1960 Lancia Flaminia - Someone, most likely in the late 1960s, thought it would be a clever idea to paint this Flaminia pink. Pink Flaminia / Pink Flamingo... Get it? Then the drugs wore off. He realized he was driving a pink car and parked it in a barn, where it remained until recently.
That's going to be the story of this car, as the seller doesn't give us one.
Not a lot of info is given about this car. It runs. It looks like it might have left the factory with a proper Italian red paint job.
These are quite handsome cars, when not painted pink. The body was designed by Pininfarina and the car was built in the Pininfarina factory. The engine is a 2.5 liter V6. It's based on the earlier Aurelia engine, which was the world's first V6.
Lancia built some incredible, ground breaking cars. Until recently, all but a few were ignored by collectors. That has changed and restored Flaminia coupes now sell for over $30K in nice condition.
This car looks to be rough, but restorable. You'll probably wind up spending $30K to make it perfect, buy if you're a DIY person, it will be worth the money and effort when you're done.
Located in Lake Station, IN, click here to see the Craigslist ad.
1989 Audi 100 Avant - Audi introduced the C3 100 (called the 5000 in North America until 1989) in 1982. Voted European Car of the Year, it was a groundbreaking car.
It's not often that a station wagon version of a car looks sportier than the sedan, but that's the case with the 100. With it's sloped, almost fastback roof, it looked like nothing else on the road. It still looks good today.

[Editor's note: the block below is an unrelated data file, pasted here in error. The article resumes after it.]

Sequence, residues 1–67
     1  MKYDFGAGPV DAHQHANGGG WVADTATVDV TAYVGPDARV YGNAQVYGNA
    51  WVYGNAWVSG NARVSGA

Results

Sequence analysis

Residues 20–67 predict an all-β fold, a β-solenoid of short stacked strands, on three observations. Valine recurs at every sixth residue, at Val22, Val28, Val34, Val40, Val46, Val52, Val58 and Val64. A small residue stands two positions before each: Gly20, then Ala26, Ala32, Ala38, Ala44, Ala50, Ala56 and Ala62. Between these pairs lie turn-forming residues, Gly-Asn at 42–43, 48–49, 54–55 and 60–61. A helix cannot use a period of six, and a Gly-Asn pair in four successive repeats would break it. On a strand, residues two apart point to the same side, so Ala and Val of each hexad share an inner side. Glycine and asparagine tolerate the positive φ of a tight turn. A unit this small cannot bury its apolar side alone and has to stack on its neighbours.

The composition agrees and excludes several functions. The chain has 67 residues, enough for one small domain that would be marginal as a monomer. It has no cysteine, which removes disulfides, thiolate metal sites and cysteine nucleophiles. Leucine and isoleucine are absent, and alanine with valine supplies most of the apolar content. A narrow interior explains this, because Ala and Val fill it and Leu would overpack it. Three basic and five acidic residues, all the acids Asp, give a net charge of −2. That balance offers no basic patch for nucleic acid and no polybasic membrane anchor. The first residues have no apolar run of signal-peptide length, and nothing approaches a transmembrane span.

This 100 looks to be in immaculate condition. The paint is original and it has no rust. The seller recently did the timing belt. The driver's side window is not working at the moment (a common problem on older Audis), but the seller has the part on order.
This is a FWD Audi. That's going turn off a few potential buyers. So is the price. $4500.00 is a lot of money for a 2WD Audi. But, if you don't need or care about quattro, this looks to be one of the nicest 100 Avants around. It might be worth every penny.
Located in Cleveland, OH, click here to see the Craigslist ad.
A big thanks to Jon for sending me the links to the Lancia and Audi
1987 Maserati Biturbo SI - It's been awhile since I've taken some heat for defending / desiring a Biturbo. ;-)
If you are lucky enough to be driving a new Maserati, you have the Biturbo to thank for that. As problematic as they were - and even I won't deny that they were problematic - they sold enough of them to keep the company afloat long enough for Fiat to buy it.
Say what you want about its reliability, but the Biturbo could perform. 60 MPH came in just 6.5 seconds. Pretty impressive for a mid-1980s car. The interior was as luxurious as you'd find in any car - at any price - built in the 1980s.
So what about the problems? Pre-1986 cars were the worst. Spontaneous combustion was common. The carburetor leaked gas, with predictable results. The insulation around the catalytic converter was flammable, with predictable results. The fusebox melted, with predictable results.
Eventually, Maserati switched to fuel injection, issued a recall for the catalytic converter insulation and redesigned the fusebox. Later cars, which also had an intercooler for the turbos, are actually fairly reliable. 1987 is generally considered to be the best year. All Biturbos require consistent / constant maintenance, some of which requires more time and effort than it does on other cars.
This car is a 1987 Biturbo SI. It is, in my opinion, the most desirable coupe to wear the Biturbo name. It has been well maintained. It recently had a valve job and tht timing belt done. Biturbos rust, but this one looks to be clean. I'm not crazy about the aftermarket wheels, but that's just a matter of personal taste, I guess.
Located in Suttons Bay, MI, click here to see the eBay listing.